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MILE 81

By Stephen King

1. PETE SIMMONS (’07 Huffy)

“You can’t come,” his older brother said.

George spoke in a low voice, even though the rest of his friends — a neighborhood group of twelve- and thirteen-year-olds who styled themselves the Rip-Ass Raiders — were up at the end of the block, waiting for him. Not very patiently. “It’s too dangerous.”

Pete said, “I’m not afraid.” He spoke stoutly enough, although he was afraid, a little. George and his friends were headed up to the sandpit behind the bowling alley. There they’d play a game Normie Therriault had invented. Normie was the leader of the Rip-Ass Raiders, and the game was called Paratroops From Hell. There was a rutted track leading up to the edge of the gravel pit, and the game was to ride your bike along it at full speed, yelling “Raiders rule!” at the top of your lungs and bailing from the seat of your bike as you went over. The usual drop was ten feet or so, and the approved landing area was soft, but sooner or later someone would land on gravel instead of sand and probably break an arm or an ankle. Even Pete knew that (although he sort of understood why it added to the attraction). Then the parents would find out and that would be the end of Paratroops From Hell. For now, however, the game — played without helmets, of course — continued.

George knew better than to allow his brother to play, however; he was supposed to be taking care of Pete while their parents were at work. If Pete wrecked his Huffy at the gravel pit, George would likely be grounded for a week. If his little brother broke an arm, it would be for a month. And if — God forbid! — it was his neck, George guessed he might be whiling away the hours in his bedroom until he went to college.

Besides, he loved the little cock-knocker.

“Just hang out here,” George said. “We’ll be back in a couple of hours.”

“Hang out with who?” Pete asked morosely. It was spring vacation, and all of his friends, the ones his mother would have called “age appropriate,” seemed to be somewhere else. A couple of them had gone to Disney World in Orlando, and when Pete thought of this, his heart filled with envy and jealousy — a vile brew, but strangely tasty.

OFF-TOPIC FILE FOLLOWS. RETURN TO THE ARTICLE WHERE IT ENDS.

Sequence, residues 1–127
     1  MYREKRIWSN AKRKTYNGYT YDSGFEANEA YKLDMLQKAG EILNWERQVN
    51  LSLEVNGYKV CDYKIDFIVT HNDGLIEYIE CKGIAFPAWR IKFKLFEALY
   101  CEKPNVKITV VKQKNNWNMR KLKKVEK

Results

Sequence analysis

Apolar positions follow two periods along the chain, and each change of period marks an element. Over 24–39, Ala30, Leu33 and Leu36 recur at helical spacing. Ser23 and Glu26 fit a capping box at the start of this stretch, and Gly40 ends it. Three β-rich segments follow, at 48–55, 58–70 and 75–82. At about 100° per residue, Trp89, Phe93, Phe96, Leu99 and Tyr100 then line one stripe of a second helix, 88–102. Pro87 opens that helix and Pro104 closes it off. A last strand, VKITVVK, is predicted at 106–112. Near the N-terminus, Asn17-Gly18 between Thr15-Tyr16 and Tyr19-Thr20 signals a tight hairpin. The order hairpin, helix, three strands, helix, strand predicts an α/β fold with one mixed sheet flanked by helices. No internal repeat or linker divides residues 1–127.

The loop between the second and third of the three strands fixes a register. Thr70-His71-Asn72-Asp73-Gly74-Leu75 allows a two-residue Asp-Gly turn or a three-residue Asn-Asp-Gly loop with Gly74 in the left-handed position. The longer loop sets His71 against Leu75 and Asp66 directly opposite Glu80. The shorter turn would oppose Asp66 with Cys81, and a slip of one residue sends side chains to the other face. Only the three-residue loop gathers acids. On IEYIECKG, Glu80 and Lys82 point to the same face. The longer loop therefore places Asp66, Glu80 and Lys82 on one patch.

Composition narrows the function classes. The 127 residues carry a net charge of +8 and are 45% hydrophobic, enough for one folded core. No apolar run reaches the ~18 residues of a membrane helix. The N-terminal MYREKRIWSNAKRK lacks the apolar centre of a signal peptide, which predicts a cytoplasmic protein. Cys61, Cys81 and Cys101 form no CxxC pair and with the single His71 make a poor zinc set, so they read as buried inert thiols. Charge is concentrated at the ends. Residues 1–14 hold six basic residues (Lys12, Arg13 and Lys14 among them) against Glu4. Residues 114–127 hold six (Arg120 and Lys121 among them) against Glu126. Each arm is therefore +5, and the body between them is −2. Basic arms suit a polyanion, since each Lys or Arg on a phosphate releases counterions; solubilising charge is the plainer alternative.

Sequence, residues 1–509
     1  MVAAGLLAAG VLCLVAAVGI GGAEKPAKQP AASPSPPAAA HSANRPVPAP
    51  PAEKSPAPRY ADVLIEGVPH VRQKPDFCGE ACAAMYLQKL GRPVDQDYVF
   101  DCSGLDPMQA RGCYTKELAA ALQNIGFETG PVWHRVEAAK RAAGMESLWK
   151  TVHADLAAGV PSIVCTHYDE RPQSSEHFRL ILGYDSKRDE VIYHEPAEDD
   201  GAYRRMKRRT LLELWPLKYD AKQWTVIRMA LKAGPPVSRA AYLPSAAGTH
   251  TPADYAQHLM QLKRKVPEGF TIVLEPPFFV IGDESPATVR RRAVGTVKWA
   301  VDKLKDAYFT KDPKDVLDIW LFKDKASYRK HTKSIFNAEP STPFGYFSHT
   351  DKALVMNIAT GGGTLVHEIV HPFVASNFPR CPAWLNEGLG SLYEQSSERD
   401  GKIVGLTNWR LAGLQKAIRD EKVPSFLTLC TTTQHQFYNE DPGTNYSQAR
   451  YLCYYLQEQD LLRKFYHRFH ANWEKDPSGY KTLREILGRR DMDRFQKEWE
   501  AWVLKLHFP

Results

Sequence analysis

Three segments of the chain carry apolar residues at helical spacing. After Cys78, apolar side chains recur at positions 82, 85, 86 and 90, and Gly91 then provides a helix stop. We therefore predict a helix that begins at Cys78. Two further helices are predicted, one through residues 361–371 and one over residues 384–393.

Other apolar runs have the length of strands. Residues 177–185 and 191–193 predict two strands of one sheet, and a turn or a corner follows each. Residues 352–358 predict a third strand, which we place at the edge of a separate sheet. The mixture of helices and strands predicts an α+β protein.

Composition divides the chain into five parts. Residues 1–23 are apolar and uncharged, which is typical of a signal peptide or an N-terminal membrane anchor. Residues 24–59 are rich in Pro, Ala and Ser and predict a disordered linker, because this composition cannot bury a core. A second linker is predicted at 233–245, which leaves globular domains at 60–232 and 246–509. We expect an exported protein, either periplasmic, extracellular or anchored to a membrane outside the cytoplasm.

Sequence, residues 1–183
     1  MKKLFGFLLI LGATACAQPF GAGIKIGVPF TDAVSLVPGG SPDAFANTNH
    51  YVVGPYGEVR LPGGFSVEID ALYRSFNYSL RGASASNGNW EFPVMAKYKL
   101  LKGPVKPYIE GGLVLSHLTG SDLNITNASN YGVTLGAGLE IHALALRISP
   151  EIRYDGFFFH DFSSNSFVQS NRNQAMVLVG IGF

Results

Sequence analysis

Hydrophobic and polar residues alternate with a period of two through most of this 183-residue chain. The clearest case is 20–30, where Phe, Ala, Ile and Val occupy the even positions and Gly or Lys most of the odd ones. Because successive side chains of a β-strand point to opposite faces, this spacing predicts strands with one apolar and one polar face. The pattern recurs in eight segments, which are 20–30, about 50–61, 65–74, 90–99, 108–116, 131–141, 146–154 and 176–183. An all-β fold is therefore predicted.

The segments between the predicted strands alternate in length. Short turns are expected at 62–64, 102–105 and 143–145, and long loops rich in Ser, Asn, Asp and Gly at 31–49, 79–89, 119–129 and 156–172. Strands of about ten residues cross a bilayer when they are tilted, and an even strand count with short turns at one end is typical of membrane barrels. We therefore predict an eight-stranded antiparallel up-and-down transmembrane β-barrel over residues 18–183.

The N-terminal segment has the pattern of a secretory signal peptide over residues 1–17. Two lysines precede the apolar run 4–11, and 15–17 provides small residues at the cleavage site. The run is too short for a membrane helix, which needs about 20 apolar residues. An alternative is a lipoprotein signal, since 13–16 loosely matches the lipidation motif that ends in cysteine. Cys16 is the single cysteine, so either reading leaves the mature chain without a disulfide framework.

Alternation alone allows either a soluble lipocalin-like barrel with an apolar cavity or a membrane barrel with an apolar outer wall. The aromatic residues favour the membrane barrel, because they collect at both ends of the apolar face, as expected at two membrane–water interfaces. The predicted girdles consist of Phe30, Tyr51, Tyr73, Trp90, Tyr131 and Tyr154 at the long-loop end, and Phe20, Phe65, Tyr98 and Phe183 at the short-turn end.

“Just hang out,” George said. “Go to the store, or something.” He scrounged in his pocket and came out with two crumpled Washingtons. “Here’s a couple of bucks.”

Pete looked at them. “Jeez, I’ll buy a Corvette. Maybe two.”

“Hurry up, Simmons, or we’ll go withoutcha!” Normie yelled.

“Coming!” George shouted back. Then, low, to Pete: “Take the money and don’t be a boogersnot.”

Pete took the money. “I even brought my magnifying glass,” he said. “I was gonna show em—”

“They’ve all seen that baby trick a thousand times,” George said, but when he saw the corners of Pete’s mouth tuck down, he tried to soften the blow. “Besides, look at the sky, numbo. You can’t start fires with a magnifying glass on a cloudy day. Hang out. We’ll play computer Battleship or something when I come back.”

“Okay, chickshit, seeya later!” Normie yelled.

“I gotta go,” George said. “Do me a favor and don’t get in trouble. Stay in the neighborhood.”

“You’ll probably break your spine and be fuckin’ paralyzed for life,” Pete said. then hastily spat between his forked fingers to take the curse off. “Good luck!” he shouted after his brother. “Jump the farthest!”

George waved one hand in acknowledgment, but didn’t look back. He stood on the pedals of his own bike, a big old Schwinn that Pete admired but couldn’t ride (he’d tried once and wiped out halfway down the driveway). Pete watched him put on speed as he raced up this block of suburban houses in Auburn, catching up with his homies.

Then Pete was alone.

He took his magnifying glass out of his saddlebag and held it over his forearm, but there was no spot of light and no heat. He looked glumly up at the low-hanging clouds and put the glass back. It was a good one, a Richforth. He’d gotten it last Christmas, to help with his ant-farm science project.